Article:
Top 15 Best Jobs for Former Teachers

By Jeff Gillis

While many teachers adore their time in the classroom, after a while, burnout creeps up, leaving many looking for jobs for former teachers instead of staying in education. Sure, shaping the minds of future generations is amazing, but the red tape, politics, budget cuts, and other troubles that come with these positions are hard to handle. In the end, not everyone makes it.

When that happens, most don’t leave the working world. Instead, they pivot, looking for great second careers for teachers. Luckily, there are some stellar options out there. If you are wondering where you should set your sights, here’s what you need to know about alternative jobs for teachers.

Leaving Teaching Behind – What Can You Expect?

Before we dig into the best jobs for former teachers, let’s take a step back and look at what shifting directions is like. If you decide to leave the world of teaching behind, you’re making a career change. That always comes with challenges, no matter what field you’re moving away from or where you’re heading.

But that doesn’t mean you don’t have a ton going for you. Your time in the classroom has probably helped you build some high-value skills, particularly in arenas like communication, organization, attention-to-detail, and emotional intelligence. Those are muscles you likely flexed every day, and you can carry them with you no matter where you decide to head.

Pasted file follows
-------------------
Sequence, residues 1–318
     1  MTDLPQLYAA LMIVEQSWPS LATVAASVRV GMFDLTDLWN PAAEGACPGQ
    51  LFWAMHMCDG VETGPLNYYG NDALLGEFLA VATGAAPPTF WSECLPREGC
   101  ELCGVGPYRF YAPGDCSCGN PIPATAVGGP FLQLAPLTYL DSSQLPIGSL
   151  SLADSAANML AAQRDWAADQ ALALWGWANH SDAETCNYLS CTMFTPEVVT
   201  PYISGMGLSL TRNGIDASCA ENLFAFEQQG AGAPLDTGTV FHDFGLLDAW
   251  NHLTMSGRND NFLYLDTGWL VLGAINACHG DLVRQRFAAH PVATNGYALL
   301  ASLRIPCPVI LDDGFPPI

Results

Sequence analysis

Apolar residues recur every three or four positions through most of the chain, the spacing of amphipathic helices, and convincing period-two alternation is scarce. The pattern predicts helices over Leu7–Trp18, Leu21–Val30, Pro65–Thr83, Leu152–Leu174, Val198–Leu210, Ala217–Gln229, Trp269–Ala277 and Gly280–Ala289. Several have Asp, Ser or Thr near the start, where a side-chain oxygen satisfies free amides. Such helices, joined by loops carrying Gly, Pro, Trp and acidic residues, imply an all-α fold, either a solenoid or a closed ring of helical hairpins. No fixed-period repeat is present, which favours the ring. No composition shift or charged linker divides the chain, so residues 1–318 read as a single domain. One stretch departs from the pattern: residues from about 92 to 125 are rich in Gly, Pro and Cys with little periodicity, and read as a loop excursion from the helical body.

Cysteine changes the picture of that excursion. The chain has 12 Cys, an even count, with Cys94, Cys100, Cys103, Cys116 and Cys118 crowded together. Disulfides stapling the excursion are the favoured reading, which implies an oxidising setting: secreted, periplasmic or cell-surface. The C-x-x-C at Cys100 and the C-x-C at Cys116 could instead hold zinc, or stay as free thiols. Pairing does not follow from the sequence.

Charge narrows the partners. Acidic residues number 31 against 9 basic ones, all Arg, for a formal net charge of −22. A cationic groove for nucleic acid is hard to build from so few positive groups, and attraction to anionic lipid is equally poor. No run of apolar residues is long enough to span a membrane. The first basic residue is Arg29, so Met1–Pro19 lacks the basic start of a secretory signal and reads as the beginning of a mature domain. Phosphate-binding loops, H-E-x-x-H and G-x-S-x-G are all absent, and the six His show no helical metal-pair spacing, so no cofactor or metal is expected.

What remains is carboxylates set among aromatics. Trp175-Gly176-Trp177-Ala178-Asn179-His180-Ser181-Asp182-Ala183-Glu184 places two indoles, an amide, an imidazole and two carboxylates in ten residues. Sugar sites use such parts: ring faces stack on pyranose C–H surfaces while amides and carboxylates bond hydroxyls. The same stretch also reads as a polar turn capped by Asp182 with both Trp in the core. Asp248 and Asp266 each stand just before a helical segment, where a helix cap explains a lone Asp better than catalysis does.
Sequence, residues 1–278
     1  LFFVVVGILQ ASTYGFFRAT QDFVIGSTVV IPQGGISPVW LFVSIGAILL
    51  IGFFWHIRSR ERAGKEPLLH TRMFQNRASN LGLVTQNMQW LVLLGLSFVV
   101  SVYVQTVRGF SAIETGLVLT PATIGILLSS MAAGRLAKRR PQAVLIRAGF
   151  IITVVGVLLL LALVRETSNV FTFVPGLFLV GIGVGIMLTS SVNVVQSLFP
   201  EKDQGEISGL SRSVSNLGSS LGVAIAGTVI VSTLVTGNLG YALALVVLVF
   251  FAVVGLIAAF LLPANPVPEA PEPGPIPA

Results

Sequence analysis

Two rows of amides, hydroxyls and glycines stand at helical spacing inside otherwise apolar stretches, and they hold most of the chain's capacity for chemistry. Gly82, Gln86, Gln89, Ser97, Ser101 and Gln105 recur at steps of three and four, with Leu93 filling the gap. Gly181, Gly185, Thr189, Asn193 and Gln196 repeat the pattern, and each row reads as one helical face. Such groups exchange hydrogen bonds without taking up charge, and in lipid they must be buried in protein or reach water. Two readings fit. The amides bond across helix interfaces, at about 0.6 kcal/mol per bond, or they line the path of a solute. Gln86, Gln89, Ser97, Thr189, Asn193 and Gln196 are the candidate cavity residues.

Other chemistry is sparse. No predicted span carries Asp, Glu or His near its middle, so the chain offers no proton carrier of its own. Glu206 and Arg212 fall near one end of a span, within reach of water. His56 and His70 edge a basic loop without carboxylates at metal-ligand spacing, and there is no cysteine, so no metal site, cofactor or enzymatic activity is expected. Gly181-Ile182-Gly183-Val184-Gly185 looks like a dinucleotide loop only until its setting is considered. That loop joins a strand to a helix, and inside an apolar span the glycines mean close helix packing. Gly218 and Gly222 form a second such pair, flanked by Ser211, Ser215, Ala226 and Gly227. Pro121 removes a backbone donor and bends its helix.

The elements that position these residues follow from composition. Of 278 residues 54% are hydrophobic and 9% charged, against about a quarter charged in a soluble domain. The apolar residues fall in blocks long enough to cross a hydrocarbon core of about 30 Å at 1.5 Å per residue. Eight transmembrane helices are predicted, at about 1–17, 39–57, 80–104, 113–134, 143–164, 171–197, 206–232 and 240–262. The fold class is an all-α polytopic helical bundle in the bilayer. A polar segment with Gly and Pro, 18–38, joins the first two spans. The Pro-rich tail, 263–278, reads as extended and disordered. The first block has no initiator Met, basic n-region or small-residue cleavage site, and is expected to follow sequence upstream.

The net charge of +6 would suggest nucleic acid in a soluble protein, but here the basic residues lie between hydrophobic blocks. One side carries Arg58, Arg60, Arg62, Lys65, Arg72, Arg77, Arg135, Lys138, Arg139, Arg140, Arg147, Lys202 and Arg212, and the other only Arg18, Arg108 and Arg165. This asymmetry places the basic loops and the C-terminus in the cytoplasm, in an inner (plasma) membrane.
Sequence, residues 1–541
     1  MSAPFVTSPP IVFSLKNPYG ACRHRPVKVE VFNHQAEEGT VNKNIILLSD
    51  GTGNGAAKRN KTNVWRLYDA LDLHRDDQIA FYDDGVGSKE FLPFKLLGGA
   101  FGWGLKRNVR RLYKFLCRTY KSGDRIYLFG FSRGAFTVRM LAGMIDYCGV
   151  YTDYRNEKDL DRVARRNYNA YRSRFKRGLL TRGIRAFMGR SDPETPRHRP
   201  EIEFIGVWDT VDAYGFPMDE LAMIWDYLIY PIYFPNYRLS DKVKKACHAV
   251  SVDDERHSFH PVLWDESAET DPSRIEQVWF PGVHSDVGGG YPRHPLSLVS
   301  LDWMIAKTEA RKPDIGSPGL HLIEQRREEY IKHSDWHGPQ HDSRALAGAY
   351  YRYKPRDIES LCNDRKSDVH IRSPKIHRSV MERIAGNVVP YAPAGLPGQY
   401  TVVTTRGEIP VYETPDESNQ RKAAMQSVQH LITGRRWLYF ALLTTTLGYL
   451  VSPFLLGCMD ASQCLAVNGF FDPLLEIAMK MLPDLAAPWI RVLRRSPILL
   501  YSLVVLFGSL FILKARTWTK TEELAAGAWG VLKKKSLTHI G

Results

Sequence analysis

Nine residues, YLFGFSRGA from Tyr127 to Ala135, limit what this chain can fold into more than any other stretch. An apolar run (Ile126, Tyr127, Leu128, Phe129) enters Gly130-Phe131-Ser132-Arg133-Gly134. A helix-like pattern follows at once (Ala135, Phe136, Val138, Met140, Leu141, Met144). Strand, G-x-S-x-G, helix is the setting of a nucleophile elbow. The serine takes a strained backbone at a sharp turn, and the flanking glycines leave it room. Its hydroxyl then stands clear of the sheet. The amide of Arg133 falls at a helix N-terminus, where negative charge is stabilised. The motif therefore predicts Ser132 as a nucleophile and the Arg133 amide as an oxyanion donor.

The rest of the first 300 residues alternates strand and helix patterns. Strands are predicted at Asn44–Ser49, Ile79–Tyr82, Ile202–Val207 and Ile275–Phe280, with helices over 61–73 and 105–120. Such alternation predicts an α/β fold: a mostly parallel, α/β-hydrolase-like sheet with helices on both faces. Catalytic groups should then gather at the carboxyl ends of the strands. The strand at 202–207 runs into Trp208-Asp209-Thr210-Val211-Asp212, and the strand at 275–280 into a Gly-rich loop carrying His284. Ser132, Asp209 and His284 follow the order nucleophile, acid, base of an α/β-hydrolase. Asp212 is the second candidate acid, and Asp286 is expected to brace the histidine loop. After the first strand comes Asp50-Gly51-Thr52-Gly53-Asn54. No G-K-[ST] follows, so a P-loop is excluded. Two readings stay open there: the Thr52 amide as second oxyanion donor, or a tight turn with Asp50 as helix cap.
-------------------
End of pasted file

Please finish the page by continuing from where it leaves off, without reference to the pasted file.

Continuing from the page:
Plus, many industries welcome former teachers with open arms. For example, the world of corporate training can be a great match, as well as the sales industry, where being able to breakdown complex information into something understandable can be a boon. And let’s not overlook customer service, where patience, communication, and emotional intelligence can be must-have skills.

But that only scratches the surface. Depending on your subject-matter expertise, you may have a slew of options available. The important part is to think about your transferrable skills as well as your goals and preferences. That way, you can look at the various jobs for retired teachers and pick the one that’s right for you.

How to Use Your Classroom Skills in Your New Career

Many of your classroom skills can easily be leveraged in other niches. For example, teachers spend their time presenting information to a group. That’s something you can use in a conference room just as easily as you can in a classroom.

You also know how to take a complex idea and break it down. That’s another skill you can leverage. Whether it’s writing instruction documentation or helping a colleague learn something new, you could be a go-to person.

Teachers are also expert negotiators and have a ridiculous amount of patience. If you end up in a job that requires you to review and update contracts, those skills will help you shine.

That’s just some of how you can take your classroom skills and apply them to other responsibilities. Nearly every soft skill you honed is valuable in the business world once you put it to work.

Common Mistakes Made by Former Teachers When They Are Looking for Jobs and How to Avoid Them

Certain mistakes can completely derail a career change. Usually, when you’re switching fields, you have to put forth some extra effort. Why? You have to convince a hiring manager that your experience is relevant, even if it doesn’t seem so initially. Otherwise, no one will give you a chance.